Note that the ansatz for $$\Gamma_k$$ that you have written didn't denote which quantities were assumde to run with $$k$$ (in the original post, before editing), so just to compare to the cited paper's ansatz (Eq. (5)), $$\Gamma_k[\phi,\psi,\bar{\psi}] = \int dx~\left[ Z_k (\partial_\mu \phi)^2 + U_k(\phi^2/2) + Z_{\psi,k} \bar{\psi} i \gamma^\mu \partial_\mu \psi + i h_k \phi \bar{\psi} \psi \right].$$ It appears that you wish to explicitly truncate the authors' $$U_k(\phi^2/2)$$ at second order in $$\phi^2$$ (around $$\phi=0$$) and introduce an $$i \bar{\psi} M_k \psi$$. You will need to define how each coefficient is extracted from $$\Gamma_k$$ in order to compute your flow equations. For example, by defining $$m^2_k = \lim_{p \rightarrow 0}\frac{\delta^2 \Gamma_k}{\delta \phi(p) \delta \phi(q)}\Big|_{\phi(p) \rightarrow \phi,\psi \rightarrow 0,\bar{\psi} \rightarrow 0}$$, $$M_k = \lim_{p \rightarrow 0}\frac{1}{i} \frac{\delta^2 \Gamma_k}{\delta \bar{\psi}(p) \delta \psi(q)}\Big|_{\phi(p) \rightarrow \phi,\psi \rightarrow 0,\bar{\psi} \rightarrow 0}$$, $$Z_k = \lim_{p \rightarrow 0}\partial_{p^2}\left[\frac{\delta^2 \Gamma_k}{\delta \phi(p) \delta \phi(-p)}\Big|_{\phi(p) \rightarrow \phi,\psi \rightarrow 0,\bar{\psi} \rightarrow 0}\right]$$, etc. This will involve taking derivatives of the flow equation with respect to the fields in order to get $$k \partial_k m^2_k$$, $$k \partial_k M_k$$, etc. In doing so, it is again important to treat the inverse $$\left(\Gamma^{(2)}_k + R_k \right)^{-1}$$ carefully, since this will generate non-trivial terms in the flow equations for these quantities (using the identity $$\frac{\delta}{\delta \phi} A^{-1} = -A^{-1} \frac{\delta A}{\delta \phi} A^{-1}$$). See, for example, this paper for an example application to $$\phi^4$$ theory.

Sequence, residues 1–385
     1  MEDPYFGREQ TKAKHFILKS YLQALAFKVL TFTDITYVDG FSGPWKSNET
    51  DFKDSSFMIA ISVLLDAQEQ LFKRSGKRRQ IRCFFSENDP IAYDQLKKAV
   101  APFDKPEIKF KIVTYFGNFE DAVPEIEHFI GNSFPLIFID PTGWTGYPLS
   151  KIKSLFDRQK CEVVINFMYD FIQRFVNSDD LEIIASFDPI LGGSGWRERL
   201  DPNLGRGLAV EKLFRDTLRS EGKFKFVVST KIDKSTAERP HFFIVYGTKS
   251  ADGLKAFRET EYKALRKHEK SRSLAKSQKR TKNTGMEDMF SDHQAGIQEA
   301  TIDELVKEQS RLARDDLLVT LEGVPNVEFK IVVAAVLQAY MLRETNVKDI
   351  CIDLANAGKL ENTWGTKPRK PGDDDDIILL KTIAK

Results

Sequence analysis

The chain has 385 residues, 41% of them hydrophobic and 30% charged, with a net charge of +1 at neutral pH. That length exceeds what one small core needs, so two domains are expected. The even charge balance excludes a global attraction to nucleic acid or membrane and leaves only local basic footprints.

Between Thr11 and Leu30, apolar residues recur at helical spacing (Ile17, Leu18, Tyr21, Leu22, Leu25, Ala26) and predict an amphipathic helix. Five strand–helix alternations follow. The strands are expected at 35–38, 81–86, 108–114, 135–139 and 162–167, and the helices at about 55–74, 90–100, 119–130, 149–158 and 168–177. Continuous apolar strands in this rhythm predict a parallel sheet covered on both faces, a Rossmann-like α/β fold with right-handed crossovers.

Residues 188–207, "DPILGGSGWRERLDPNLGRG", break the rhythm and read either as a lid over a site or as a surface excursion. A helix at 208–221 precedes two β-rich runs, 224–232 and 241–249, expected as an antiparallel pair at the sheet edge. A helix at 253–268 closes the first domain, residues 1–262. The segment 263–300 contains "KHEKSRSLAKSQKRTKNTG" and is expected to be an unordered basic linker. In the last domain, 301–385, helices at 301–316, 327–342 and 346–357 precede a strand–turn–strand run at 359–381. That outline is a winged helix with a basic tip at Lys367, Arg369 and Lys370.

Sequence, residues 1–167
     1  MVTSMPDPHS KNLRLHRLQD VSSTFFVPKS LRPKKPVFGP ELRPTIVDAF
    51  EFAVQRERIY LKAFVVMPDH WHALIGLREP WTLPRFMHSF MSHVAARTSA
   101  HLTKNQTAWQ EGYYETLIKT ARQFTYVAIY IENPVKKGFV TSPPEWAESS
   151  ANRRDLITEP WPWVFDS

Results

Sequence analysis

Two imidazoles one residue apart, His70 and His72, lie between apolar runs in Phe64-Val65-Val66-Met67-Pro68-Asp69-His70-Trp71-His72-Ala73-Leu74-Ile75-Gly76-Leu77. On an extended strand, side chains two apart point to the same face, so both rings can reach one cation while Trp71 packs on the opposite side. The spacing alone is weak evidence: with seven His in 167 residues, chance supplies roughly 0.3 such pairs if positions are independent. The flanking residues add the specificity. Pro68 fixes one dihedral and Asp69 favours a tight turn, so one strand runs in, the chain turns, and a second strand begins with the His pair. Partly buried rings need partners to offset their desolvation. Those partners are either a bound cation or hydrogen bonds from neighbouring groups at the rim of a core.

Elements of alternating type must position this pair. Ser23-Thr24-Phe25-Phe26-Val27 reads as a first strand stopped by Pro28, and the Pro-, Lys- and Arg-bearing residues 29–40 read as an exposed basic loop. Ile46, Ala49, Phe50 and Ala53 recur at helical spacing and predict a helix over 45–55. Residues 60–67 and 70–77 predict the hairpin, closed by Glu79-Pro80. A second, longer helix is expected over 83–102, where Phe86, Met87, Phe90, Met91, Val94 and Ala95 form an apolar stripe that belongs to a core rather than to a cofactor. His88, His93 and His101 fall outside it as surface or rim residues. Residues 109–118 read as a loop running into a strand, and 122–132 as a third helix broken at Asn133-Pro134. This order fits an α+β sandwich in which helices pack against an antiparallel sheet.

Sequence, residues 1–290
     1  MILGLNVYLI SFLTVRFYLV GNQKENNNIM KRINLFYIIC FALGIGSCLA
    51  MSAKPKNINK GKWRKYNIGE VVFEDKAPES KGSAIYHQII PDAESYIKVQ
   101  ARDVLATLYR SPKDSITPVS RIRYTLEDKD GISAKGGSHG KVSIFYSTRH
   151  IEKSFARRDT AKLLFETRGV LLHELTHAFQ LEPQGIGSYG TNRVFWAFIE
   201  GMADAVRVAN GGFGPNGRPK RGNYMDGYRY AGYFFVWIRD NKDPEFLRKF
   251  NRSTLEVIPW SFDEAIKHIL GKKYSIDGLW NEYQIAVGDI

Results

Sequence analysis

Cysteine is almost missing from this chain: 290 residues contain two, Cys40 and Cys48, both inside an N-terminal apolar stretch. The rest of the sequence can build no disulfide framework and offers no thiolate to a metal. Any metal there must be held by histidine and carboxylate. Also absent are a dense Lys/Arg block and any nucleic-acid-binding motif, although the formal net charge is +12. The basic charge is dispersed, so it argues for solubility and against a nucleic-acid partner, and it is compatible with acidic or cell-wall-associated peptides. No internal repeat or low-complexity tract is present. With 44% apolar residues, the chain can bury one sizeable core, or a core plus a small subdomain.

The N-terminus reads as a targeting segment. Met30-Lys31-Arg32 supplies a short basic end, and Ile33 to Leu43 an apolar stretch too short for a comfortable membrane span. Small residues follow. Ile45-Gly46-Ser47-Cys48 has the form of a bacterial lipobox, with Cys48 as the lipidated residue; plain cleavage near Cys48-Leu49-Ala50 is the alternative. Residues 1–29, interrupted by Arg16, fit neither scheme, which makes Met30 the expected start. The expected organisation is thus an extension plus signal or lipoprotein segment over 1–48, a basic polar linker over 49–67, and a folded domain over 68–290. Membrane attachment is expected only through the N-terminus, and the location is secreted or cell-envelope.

Edit: When multiple fields are involved, as in this case, or in a non-equilibrium problem, the inverse is a matrix inverse in the fields (when converted to momentum space). I'll sketch it for the cited paper's ansatz simplifed to $$U_k(\phi^2/2) = m_k^2 \phi(x)^2/2$$. In momentum space (assuming no mistakes...) $$\begin{array}{c c}\Gamma_k &= \int dp_1 dp_2~\Big[(Z_k p^2 + m^2_k) \phi(p_1)\phi(p_2)\delta(p_1 + p_2) + Z_{\psi,k} i \bar{\psi}(p_1) \gamma^\mu (p_1)_\mu \psi(p_2) \delta(p_1+p_2)\Big] \\ & ~~~~~~~~ + \int dp_1 dp_2 dp_3~ i h_k \phi(p_1)\bar{\psi}(p_2) \psi(p_3) \delta(p_1 + p_2 + p_3)\end{array}.$$ (I am not very familiar with dealing with fermionic fields, so you'll want to double-check my math here).